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No. 4.
The Clergyman's Daughter.

91 morrow. On this occasion she wishes the vow, that our hearts and our lips but pledged; presence of her old and early friends.” I ac- and though we meet not as we would have cepted the invitation.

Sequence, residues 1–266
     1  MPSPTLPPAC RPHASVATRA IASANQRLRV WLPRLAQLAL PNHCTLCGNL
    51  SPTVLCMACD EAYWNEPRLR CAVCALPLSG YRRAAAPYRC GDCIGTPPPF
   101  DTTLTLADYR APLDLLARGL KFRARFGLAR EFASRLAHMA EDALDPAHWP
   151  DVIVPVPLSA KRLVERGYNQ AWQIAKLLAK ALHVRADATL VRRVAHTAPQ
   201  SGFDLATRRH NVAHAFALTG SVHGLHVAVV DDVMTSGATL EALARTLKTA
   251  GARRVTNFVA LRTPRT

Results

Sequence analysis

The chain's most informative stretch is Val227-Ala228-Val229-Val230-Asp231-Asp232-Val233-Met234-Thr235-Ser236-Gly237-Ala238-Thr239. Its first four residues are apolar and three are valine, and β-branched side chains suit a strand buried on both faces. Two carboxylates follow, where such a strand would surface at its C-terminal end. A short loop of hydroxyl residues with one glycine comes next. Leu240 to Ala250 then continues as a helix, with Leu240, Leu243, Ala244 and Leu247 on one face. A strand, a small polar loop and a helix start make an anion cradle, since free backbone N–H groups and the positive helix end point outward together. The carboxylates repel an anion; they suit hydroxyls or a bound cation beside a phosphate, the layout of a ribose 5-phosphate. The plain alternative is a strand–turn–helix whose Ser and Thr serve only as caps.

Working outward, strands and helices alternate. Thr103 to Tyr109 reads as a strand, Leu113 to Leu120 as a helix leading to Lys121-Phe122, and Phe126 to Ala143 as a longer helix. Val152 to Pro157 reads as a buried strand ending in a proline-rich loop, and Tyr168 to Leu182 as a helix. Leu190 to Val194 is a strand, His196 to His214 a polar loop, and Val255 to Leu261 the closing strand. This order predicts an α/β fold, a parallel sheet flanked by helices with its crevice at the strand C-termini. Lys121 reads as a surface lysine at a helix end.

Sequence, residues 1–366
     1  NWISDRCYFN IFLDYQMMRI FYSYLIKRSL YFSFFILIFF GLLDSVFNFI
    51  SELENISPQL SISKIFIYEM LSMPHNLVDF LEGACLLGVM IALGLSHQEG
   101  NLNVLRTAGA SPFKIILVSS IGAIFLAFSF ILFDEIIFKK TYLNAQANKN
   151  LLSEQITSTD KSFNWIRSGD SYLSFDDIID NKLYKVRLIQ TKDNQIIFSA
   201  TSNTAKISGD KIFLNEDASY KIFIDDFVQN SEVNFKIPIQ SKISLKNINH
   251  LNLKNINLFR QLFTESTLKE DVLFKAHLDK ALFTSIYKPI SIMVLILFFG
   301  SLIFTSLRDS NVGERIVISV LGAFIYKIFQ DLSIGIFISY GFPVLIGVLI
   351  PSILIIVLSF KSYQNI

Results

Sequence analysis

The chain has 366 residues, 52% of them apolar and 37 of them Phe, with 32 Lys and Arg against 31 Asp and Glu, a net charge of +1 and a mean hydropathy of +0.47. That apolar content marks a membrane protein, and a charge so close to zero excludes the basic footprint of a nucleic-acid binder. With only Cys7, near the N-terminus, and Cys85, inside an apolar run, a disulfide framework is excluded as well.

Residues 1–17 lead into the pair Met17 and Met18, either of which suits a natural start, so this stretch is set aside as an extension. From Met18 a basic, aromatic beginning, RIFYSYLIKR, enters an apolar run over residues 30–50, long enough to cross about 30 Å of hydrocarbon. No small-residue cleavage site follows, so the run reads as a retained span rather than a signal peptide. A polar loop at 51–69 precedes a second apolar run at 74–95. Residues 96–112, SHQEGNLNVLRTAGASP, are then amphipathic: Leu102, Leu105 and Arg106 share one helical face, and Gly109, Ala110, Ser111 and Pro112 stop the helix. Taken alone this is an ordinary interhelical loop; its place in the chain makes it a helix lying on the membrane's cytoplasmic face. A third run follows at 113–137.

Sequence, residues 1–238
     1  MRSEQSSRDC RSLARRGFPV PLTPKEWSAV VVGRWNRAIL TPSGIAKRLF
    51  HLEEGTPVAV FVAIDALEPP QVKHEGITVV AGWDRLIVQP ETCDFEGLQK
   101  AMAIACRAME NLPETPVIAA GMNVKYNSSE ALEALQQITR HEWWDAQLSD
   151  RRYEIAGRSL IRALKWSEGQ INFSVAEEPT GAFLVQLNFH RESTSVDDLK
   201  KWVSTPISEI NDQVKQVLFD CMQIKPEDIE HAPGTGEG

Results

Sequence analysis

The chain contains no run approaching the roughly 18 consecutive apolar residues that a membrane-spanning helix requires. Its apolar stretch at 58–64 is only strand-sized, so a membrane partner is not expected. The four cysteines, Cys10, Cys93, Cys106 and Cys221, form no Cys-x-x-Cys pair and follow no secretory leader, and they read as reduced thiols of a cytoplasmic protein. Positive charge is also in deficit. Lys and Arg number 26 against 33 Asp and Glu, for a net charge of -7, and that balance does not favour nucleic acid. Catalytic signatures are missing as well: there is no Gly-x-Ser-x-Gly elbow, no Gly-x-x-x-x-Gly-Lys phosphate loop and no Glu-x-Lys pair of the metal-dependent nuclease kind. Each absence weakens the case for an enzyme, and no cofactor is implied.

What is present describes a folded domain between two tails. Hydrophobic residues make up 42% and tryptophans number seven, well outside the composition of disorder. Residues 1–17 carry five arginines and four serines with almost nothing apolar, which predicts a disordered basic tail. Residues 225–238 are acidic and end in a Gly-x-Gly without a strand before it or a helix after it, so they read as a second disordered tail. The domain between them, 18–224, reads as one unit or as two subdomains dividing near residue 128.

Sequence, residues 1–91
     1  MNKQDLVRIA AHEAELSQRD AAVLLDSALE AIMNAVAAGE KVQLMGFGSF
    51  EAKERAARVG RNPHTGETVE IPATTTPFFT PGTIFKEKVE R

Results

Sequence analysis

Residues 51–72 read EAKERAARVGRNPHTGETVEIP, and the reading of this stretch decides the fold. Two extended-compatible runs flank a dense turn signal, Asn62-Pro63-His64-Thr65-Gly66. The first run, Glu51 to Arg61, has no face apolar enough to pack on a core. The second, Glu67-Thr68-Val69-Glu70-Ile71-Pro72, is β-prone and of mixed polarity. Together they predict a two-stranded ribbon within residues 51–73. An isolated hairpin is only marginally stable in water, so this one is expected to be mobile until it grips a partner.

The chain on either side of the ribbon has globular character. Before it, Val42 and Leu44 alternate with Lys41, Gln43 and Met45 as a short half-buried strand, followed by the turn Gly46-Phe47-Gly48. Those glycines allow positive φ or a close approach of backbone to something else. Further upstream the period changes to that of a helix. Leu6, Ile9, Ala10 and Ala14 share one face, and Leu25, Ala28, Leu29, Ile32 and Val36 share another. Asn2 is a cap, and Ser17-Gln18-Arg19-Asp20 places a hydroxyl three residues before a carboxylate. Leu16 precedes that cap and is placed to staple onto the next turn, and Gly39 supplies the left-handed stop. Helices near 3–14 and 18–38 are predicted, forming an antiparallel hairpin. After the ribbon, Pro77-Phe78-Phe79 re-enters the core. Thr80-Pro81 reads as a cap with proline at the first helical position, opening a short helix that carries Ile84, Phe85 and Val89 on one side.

met, we are in the hands of Him who judgeth The next morning dawned as clear as the wisely. You should have been a son to my preceding evening had promised. As Iparents; for my sake be so still. They will walked out to enjoy its freshness, I met my soon be childless. If you love my memory, friend. “ Annette is ill,” said he. “She love them.” Then addressing her parents exposed herself to the damp and dews in her “ If in the course of life I have sometimes walk last evening, and is now threatened || erred, and who has not? if I have ever cost with fever.” It proved more than a threat. you a pang, or a tear, forgive me. I do not A violent fever had seized upon her. Night || ask you sometimes to think of your child; I after night, and hour after hour, her mother | fear you will remember her but too well. sat at her bedside, watching the progress of But be not unhappy-remember we meet the disease, ministering to her wants, and, || again.” the hardest task of all, wearing a smiling When I called the next morning to inquire face, lest the increasing despondency of her after her health, I was received at the door by own heart should alarm her child.